Coty Inc., L’Oréal Group and Unilever all reported quarterly earnings this week, with notable sales growth across the board.
Highlights included the substantial rebound for fragrances, as noted by both Coty and L’Oréal, as well as the continued significance of the Chinese market to sales increases for all beauty brands and divisions. Unilever faced a tense earnings call, given the poor public performance that the consumer goods conglomerate has faced over the past year. But company executives also expressed a clear desire to invest in and add more beauty brands to its portfolio, as that is viewed as key to the business’s long-term success.
Glossy rounded up the latest earnings, breaking down the highlights of each.
Coty reported its second-quarter fiscal year 2022 earnings on Tuesday, noting that net revenues increased 12% driven by its prestige and consumer beauty units. This was in line with growth expectations. The Prestige Beauty unit experienced a 12% sales increase year-over-year, while Consumer Beauty sales increased 11% year-over-year. The earnings report noted that travel retail sales doubled for the first half of the fiscal year, compared to the same period in 2021. Prestige fragrance sales increased double-digits in the second quarter, with nearly all brands contributing.
During the earnings call, CoverGirl, Rimmel and Max Factor were cited repeatedly as drivers for the Consumer Beauty unit. CoverGirl notably launched skin care in Nov. 2021 and added actress America Ferrera as a brand ambassador. CoverGirl also took part in an Amazon shopping livestream alongside the Sally Hansen nail brand, driving 1.6 million views and 3 million impressions.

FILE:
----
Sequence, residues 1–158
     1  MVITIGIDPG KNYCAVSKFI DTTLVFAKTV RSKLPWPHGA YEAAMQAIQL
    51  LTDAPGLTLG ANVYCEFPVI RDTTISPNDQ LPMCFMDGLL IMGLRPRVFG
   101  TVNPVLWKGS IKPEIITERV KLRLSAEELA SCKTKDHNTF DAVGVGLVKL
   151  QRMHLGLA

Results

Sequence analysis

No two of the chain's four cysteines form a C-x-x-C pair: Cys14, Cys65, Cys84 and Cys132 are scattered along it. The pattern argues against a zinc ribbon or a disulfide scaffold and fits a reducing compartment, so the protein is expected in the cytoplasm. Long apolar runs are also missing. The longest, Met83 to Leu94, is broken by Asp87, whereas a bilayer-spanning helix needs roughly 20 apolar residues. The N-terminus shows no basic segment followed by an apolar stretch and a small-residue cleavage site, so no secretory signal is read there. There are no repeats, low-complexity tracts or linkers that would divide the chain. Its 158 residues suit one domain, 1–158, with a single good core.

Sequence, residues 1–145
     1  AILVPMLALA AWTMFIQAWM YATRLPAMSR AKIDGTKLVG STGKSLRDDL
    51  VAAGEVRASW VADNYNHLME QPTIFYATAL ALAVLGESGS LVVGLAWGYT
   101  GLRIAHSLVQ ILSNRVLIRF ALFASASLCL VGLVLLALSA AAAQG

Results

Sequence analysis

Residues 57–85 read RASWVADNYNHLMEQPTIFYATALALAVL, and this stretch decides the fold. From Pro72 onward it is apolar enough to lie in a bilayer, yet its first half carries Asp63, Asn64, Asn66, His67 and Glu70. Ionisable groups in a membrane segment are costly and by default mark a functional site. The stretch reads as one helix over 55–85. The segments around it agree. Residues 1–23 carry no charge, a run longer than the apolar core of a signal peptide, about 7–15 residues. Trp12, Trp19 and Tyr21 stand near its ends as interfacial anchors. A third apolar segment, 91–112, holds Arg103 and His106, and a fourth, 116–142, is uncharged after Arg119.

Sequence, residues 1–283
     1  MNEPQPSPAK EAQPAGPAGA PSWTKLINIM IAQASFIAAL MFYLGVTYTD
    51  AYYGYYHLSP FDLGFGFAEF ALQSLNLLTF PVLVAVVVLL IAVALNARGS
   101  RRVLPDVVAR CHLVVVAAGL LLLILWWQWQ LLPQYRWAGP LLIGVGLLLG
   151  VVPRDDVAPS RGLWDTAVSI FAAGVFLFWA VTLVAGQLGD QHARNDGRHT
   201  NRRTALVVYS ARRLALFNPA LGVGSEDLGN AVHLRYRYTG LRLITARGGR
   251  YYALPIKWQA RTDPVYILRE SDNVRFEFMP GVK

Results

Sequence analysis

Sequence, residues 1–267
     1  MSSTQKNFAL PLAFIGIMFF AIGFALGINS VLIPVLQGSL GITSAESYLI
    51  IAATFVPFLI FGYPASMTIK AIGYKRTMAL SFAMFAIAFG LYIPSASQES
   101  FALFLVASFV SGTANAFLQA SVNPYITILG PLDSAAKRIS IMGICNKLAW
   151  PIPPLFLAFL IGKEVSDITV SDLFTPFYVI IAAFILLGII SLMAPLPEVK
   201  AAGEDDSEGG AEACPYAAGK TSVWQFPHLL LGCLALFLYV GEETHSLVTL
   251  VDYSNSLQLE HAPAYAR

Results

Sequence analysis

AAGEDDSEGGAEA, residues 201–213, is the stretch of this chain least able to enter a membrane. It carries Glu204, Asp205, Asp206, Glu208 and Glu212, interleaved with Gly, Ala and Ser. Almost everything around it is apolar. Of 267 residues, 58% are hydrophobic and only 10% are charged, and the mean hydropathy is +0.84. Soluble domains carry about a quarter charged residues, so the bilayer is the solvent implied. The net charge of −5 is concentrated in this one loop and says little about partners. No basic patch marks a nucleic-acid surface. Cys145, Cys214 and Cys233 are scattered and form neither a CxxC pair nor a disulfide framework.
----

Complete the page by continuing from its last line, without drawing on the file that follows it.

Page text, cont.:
“The idea is not to launch just another mascara or another moisturizer,” said Sue Nabi, CEO of Coty Inc., during the earnings call. “Coty’s vision is to build categories hand-in-hand with retailers. And this is precisely what we have been doing on Consumer Beauty … CoverGirl [regained] market share in the U.S. for 26 weeks out of the last 40 weeks, because we decided that we will [categorize the brand] with clean beauty.”
On the Prestige Beauty side, Gucci Beauty received an extended callout during the earnings call. Nabi said Gucci makeup sales doubled in stores, and that DTC e-commerce accounted for over 50% of the sales. Gucci makeup sales in China tripled year-over-year, and makeup sales in China now exceed Gucci fragrance sales. Both in the second quarter and for the first half of fiscal year 2022, Gucci makeup sales more than doubled year-over-year.
L’Oréal Group reported tremendous growth for its fourth-quarter and full-year 2021 earnings on Wednesday, with sales increasing 15.3% to just over $37 billion. All four beauty divisions grew in 2021, with active cosmetics — including brands like La Roche Posay, SkinCeuticals and CeraVe, among others – leading the pack. They saw a 31.8% year-over-year sales increase compared to 2020 and a 56.6% increase compared to 2019. However, L’Oréal Luxe is now the group’s largest division with over $12.3 billion in sales, eking out the consumer products sector. Fragrances within Luxe saw “remarkable” success, according to the earnings report, with a year-over-year sales increase of 27%.